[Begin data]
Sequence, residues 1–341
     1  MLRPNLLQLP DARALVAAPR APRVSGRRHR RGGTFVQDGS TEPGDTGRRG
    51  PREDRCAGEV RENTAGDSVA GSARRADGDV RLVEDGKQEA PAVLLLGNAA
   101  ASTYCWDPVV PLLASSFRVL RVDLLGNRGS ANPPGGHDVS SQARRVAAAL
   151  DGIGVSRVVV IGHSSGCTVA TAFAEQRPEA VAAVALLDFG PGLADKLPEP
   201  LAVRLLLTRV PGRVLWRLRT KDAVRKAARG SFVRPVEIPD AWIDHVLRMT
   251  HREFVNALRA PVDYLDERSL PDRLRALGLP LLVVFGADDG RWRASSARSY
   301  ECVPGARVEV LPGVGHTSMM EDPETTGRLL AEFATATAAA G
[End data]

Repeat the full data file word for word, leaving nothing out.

Sequence, residues 1–341
     1  MLRPNLLQLP DARALVAAPR APRVSGRRHR RGGTFVQDGS TEPGDTGRRG
    51  PREDRCAGEV RENTAGDSVA GSARRADGDV RLVEDGKQEA PAVLLLGNAA
   101  ASTYCWDPVV PLLASSFRVL RVDLLGNRGS ANPPGGHDVS SQARRVAAAL
   151  DGIGVSRVVV IGHSSGCTVA TAFAEQRPEA VAAVALLDFG PGLADKLPEP
   201  LAVRLLLTRV PGRVLWRLRT KDAVRKAARG SFVRPVEIPD AWIDHVLRMT
   251  HREFVNALRA PVDYLDERSL PDRLRALGLP LLVVFGADDG RWRASSARSY
   301  ECVPGARVEV LPGVGHTSMM EDPETTGRLL AEFATATAAA G